Saturday, January 22, 2022

The Mezzanine Bookstore

 As a writer, I love to read and I've always loved books. I could lose myself for hours in a library or a bookstore. As a kid I accompanied my dad for his twice-a-month trip taking my grandmother to visit her sisters in El Paso and to buy groceries in Juarez. Even though I was in elementary school, I had to wear a coat and tie because back then, you got dressed up when venturing into public. Think about it, during World War Two, soldiers wore ties into combat. Unlike now, where people go to a fancy dinner looking like slobs.

One highlight of the trip to the big city was our stop at the Popular Dry Goods Company in downtown El Paso. It was the quintessential department store, a bustling maze no matter the time of year. Most of what I remember is a blur but what comes into focus is the candy counter where you could buy fudge by the pound (like that ever happened); the elevator operated by a guy in a red coat manipulating a brass lever; the toy department in the basement with stacks of model airplanes, and my favorite place of all, the mezzanine level with the bookstore. My dad would leave me there unattended while he went to pay an installment on whatever my mom had put on layaway.

I wandered the tables and shelves of hardbacks. I avoided children's books and was on the prowl for a good read about airplanes, warships, or army tanks. The one book that particularly fascinated me was about 19th century train accidents, complete with illustrations. I learned about boiler explosions turning locomotives into bombs. One memorable tragedy involved a company outing. On the way home, the women gathered the children in the last railcar, away from the men who were a mob of loutish drunks. The locomotive boiler blew up, hurtling what was left of the locomotive high into the air, to guessed it. On the car with the women and children. A gruesome detail of period train wrecks was "telescoping," where one railcar slides inside another, usually a freight car ramming through a passenger coach, smearing the human contents into goo. No Dr. Seuss for me.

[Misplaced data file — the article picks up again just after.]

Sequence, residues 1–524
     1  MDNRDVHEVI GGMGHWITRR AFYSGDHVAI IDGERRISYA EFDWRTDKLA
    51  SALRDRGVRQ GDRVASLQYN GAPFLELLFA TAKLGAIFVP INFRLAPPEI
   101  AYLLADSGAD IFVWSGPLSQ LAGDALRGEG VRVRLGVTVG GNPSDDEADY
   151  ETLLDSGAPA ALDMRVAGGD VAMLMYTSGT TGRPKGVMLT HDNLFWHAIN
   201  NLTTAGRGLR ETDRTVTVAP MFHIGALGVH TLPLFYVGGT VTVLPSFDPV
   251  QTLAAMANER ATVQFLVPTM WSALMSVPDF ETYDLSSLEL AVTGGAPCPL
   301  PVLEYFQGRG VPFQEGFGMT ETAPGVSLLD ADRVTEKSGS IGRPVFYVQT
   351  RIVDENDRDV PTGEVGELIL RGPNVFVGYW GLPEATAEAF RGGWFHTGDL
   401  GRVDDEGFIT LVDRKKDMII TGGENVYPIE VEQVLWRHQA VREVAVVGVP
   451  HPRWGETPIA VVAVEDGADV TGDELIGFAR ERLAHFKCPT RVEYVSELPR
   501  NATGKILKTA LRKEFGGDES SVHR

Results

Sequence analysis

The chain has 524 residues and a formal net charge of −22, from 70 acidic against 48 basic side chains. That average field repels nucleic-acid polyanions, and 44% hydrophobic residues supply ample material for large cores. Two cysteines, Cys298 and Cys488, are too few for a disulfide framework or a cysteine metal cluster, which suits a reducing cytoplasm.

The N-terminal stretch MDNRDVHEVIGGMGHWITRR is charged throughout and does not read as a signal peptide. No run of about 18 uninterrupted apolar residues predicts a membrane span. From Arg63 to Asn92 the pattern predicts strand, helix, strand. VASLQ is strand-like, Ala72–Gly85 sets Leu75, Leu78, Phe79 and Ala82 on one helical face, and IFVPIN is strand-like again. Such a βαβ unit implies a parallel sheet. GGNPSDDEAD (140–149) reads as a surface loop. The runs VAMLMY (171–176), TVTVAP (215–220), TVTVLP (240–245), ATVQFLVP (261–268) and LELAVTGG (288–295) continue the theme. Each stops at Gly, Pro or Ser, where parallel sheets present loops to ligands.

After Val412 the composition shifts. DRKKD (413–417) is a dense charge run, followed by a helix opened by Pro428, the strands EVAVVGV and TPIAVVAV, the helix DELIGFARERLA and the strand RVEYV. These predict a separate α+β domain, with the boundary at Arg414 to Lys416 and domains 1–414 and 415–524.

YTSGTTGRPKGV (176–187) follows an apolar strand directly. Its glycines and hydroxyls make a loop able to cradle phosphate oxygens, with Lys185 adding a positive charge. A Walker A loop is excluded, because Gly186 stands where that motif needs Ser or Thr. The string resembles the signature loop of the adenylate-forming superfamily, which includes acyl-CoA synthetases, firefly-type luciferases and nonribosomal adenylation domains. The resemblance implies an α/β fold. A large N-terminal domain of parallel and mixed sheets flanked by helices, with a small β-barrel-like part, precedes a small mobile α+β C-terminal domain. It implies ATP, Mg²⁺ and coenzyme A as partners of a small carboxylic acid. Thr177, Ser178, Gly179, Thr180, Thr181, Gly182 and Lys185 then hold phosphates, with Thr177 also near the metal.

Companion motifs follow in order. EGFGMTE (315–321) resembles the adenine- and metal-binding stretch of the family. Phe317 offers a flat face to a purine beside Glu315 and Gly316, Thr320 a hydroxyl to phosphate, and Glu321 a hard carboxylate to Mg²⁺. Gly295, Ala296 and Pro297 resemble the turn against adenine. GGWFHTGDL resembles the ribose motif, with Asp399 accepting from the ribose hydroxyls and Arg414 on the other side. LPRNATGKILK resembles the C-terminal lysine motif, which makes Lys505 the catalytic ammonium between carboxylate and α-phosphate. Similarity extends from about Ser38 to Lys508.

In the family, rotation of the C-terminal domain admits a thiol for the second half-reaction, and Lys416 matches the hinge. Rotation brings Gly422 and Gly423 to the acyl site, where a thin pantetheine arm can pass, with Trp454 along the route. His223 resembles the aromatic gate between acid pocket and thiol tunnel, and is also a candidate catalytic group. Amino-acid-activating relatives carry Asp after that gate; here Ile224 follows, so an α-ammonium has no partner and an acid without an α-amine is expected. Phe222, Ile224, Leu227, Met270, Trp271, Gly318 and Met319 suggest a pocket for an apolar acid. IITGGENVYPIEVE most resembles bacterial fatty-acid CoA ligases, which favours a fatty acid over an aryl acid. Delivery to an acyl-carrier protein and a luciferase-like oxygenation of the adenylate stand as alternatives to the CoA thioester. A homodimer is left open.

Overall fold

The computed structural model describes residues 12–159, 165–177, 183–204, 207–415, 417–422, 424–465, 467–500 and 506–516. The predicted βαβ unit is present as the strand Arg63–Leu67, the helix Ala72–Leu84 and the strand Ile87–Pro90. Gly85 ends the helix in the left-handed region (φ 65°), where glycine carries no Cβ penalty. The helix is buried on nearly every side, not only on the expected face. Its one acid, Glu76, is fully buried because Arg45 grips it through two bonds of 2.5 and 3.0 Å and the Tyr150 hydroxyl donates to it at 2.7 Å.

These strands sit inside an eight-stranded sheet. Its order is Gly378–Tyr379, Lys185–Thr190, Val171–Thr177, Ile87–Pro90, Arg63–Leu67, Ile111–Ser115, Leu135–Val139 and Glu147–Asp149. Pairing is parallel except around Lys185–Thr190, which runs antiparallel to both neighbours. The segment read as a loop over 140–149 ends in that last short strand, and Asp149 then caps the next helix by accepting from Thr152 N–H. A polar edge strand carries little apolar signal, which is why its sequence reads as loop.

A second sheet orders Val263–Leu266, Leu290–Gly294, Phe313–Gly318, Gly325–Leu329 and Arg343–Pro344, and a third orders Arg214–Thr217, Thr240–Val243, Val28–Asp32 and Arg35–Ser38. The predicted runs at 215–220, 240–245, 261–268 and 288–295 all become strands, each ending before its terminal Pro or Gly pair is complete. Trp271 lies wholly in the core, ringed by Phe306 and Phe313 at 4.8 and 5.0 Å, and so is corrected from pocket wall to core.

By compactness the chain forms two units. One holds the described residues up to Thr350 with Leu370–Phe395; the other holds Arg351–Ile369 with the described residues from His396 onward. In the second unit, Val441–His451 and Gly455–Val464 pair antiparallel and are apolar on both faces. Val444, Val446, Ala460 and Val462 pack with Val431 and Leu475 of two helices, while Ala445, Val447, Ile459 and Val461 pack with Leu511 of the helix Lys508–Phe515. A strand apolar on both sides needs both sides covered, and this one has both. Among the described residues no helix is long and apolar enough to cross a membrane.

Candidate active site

From the mezzanine, you could look through the glass barrier upon the ground floor with its labyrinth of cosmetic counters and women's fashions. Above the cacophony of customer chatter, sounded chimes summoning sales clerks. Incredibly, when researching for this post, I found this photo of the mezzanine view, though from years after I was last there. Memories.

Photo courtesy Keith Andrews


Charlotte Hinger said...

Mario, I can remember my parent's rare forays into Kansas City and when we paid for an item money was put into a something that zipped along a line to somewhere. Do you know what that was called? Loved your post and your comment about standards for dress.

Anna said...

Charlotte, I remember that device too! (From another part of the country.) The money and sales slip went into a little tube, which zipped along to an undisclosed location, and then returned with the sales slip and your change. I believe it was common in department stores and dime stores back in the day. Either management didn't trust the sales clerks to handle money, or they feared that they were vulnerable to being held up.

Mario, bookstores were bliss for me when I was a child. I would read for hours, carefully keeping the book clean, and then replace it on the shelf. Once the owner swept right past me at closing time and locked me in.

Mario Acevedo said...

Charlotte and Anna,
Thanks for your comments. I don't recall those devices which I think were pneumatic tubes. My credit union uses them at the drive-thru.